Musings on Photography

Close to Home

Posted in art is a verb, process by Paul Butzi on October 10, 2008

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As I mentioned before, lately it seems that the vast majority of my photographs are getting made within about 300 yards of my home. The area close to the buildings has been planted as gardens, in a sort of vague sense, and I’m finding that I’m spending a lot of time wandering around making photographs of things in the gardens. I think of the gardens as my ‘photograph farm‘.

Sometimes the result reminds me of Doug Plummer’s Stick Pictures. The difference is that I suspect that at some level Doug knows what he’s doing, and I also suspect that I don’t. I’m just hammering away, here, and if you were to look at my contact sheets you’d realize that I haven’t got much of a clue. After doing this for nearly a year, I’m still stumbling around in the dark, groping for the light switch.

After some time I seem to have settled into a bit of a groove. Almost always, I seem to put my old friend the old pre-USM Canon EF 100mm f/2.8 macro on the 5d. Generally the aperture is set for f/2.8 (wide open). Part of what I am playing with is getting away from the idea that all (or even a large part) of an image should be in focus. And in turn, part of the reason why I seem to have settled on the 100mm Macro is that it has a particularly pleasing (to my eye, at least), smooth out of focus rendering. Beyond that, it seems to have pleasant transitions from being in focus to being out of focus. At f/2.8, there isn’t a whole lot of stuff in focus. Sometimes I end up with just a single point in the entire image in focus.

That’s not a prescription, though. I haven’t set out with those tools and methods looking to see what I could make. Instead I’ve just spent time photographing, switching off lenses as the whim took me, and over time I seem to have settled on that. I’m just slowly trying lots of stuff, and narrowing down on what seems to be working and throwing out things which didn’t seem to work too well.

Colin Jago’s recent posts on audience (here and here have had me pondering what the audience for this stuff might be. From my end, it seems pretty undirected. I just grab the camera and wander around, and I can’t say that I ever plan to exhibit the photos beyond using them the way I do on this blog. And, allow me to remind readers, I have a rather different attitude about the images here on the blog.

They aren’t photos I consider ‘winners’, or at least not all of them are. They’re just picked from the stream of photos I’ve taken. Some of them I don’t like but have a nagging feeling there’s something there I want to puzzle out.

Anyway, this somewhat quirky process has a lot to recommend it. Because I’m not using camera support (!) it often seems that it’s a matter of letting the shutter go as an interesting composition goes past. There’s not a lot of time for attention to edges, and not a lot of time for refining composition like you’d do with view camera. It’s just a matter of getting in close, or perhaps closer still, and when you see something interesting happen, you try to either let the shutter go and else make it happen again so you can catch as it goes past.

I get a lot of wet knees and butts on my pants, from kneeling to get the point of view I want. I’m learning to perform some amazing contortions to get the camera where I want, and I’ve finally learned that it’s ok to just stick the camera (and my head) into a thicket of stuff and see what it looks like. I’m not claiming deep insight here, I’m just reporting what seems to be working.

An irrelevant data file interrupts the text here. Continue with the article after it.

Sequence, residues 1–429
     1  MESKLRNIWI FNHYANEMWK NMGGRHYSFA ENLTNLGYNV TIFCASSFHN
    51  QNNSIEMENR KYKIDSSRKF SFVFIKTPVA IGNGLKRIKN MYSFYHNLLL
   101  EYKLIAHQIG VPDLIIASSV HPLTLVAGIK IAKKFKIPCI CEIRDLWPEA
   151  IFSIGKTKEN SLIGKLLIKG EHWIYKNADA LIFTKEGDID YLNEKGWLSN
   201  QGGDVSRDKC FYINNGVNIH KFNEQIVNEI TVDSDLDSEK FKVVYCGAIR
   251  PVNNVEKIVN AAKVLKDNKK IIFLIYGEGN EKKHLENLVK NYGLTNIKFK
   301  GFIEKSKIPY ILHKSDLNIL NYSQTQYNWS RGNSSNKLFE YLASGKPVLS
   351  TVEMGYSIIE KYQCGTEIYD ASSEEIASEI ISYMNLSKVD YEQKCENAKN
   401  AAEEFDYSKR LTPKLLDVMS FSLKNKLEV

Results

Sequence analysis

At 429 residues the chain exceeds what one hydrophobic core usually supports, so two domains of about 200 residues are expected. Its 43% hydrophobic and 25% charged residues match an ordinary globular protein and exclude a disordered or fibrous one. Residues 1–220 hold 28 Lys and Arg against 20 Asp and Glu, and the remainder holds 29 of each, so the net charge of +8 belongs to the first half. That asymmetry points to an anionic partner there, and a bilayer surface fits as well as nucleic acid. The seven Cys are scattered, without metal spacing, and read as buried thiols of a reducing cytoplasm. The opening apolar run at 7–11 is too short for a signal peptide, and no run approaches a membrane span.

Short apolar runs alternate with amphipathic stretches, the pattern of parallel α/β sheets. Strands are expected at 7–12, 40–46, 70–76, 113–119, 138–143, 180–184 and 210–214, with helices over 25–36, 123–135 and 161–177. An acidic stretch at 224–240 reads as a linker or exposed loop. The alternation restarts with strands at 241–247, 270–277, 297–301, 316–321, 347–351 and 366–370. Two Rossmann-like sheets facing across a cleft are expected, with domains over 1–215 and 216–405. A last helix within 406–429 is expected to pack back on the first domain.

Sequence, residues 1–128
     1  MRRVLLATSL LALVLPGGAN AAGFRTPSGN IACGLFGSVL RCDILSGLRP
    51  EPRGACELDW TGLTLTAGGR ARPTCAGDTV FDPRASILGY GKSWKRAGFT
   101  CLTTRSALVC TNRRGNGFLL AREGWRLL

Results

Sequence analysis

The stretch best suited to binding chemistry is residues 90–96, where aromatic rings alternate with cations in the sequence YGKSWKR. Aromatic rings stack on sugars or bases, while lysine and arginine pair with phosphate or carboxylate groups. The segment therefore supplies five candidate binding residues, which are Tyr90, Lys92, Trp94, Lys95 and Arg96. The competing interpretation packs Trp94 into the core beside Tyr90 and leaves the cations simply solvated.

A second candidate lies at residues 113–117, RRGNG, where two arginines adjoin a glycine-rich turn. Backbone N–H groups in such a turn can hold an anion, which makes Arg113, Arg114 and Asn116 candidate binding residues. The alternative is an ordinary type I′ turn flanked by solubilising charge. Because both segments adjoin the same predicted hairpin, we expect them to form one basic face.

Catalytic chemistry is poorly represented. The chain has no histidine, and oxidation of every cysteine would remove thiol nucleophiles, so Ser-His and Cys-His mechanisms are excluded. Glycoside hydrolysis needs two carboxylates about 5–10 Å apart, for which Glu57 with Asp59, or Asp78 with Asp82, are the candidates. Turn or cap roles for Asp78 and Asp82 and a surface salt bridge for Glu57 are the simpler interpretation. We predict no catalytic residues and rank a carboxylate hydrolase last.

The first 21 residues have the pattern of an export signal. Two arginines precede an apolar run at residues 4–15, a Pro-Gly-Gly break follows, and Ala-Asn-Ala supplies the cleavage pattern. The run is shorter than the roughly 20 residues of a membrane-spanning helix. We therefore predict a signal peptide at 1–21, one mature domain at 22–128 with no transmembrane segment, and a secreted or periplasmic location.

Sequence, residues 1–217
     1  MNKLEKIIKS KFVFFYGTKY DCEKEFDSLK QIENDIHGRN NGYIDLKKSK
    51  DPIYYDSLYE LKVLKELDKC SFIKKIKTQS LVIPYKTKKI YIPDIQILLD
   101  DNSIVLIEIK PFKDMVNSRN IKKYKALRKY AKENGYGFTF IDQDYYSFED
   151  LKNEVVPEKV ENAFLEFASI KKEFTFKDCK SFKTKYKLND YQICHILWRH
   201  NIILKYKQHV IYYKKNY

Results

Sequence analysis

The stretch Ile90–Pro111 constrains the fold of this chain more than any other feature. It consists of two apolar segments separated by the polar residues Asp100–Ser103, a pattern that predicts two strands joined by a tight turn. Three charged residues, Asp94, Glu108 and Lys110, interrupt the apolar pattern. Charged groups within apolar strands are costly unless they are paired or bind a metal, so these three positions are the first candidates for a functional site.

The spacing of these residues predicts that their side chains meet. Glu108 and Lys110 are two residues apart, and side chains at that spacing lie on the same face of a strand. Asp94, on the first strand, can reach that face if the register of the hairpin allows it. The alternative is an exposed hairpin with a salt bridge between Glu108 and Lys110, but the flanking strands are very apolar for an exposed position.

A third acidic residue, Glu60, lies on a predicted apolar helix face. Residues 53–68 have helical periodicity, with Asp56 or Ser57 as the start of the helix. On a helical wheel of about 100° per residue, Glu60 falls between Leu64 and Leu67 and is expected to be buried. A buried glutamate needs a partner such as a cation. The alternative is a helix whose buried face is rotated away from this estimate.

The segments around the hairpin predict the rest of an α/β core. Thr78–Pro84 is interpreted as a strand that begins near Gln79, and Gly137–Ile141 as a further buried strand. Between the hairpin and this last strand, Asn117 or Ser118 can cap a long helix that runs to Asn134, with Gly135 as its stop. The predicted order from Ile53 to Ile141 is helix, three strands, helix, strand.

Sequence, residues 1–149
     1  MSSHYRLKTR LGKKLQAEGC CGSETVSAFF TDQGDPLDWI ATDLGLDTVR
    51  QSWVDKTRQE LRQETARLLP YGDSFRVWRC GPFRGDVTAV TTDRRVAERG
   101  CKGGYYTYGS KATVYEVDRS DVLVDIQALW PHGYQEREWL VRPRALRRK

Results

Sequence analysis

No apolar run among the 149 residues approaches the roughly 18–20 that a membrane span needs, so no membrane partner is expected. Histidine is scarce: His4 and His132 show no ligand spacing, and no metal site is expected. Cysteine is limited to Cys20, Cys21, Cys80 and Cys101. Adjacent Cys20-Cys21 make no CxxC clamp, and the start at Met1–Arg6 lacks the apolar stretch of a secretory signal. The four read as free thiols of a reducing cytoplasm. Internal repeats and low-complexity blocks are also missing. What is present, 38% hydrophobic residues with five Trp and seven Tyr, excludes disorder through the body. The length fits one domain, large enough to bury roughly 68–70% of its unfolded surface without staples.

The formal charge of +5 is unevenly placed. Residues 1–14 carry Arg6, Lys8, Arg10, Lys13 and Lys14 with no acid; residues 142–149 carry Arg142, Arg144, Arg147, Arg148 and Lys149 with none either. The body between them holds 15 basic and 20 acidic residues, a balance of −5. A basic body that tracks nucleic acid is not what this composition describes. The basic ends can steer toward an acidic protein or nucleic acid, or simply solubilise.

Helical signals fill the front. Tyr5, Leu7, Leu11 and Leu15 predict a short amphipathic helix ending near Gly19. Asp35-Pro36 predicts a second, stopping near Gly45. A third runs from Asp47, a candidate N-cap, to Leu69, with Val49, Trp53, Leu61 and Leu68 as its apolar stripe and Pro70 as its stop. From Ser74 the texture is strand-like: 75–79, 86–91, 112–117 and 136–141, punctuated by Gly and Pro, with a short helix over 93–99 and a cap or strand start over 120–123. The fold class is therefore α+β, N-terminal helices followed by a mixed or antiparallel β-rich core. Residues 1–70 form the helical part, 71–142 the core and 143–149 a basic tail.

The interesting part of this experiment has been the return of a sense of exploration that comes with letting go of complete control of everything. Another curious part is that, when I bring things to a halt and head inside, I don’t have a clear idea of what I’ve gotten. When I download the stuff off the CF card, I recognize the stuff, of course. But most of it seems to get made without my putting a whole lot of investment into each individual exposure, so I don’t remember the individual exposures. This makes reviewing a day’s take sort of exciting.

2 Responses

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  1. JH said, on October 10, 2008 at 11:46 am

    Very nice description of your photography process. And I like your style (if indeed it is a style) of photography, many of your photos are puzzles worth returning to.

  2. Doug Plummer said, on October 10, 2008 at 2:21 pm

    Without trying to put a value judgment on this, there is a consequence to doing this sort of work digitally rather than with film. The lengthy and tedious process of editing and looking at work in a film and print workflow means you have to know how to choose what to work on. And understand somewhere the why and the trajectory of the body of work to organize your decisions.

    I am taking a lot more photographs now than ever before. I still work in that unconscious “grok the brush” mode, and I have my own “photograph farms” where I also get my feet and pants wet (I’ve lately rediscovered rain pants and rubber boots, which lets me get deeper into the whatever). And I have less understanding of the trajectory of the work than I used to, because my feedback loop is so much shorter. I’m starting to think it requires an external format, the rigor of a publishable sequence or the demand of an exhibit, to tease out a frame within which to orient the search.


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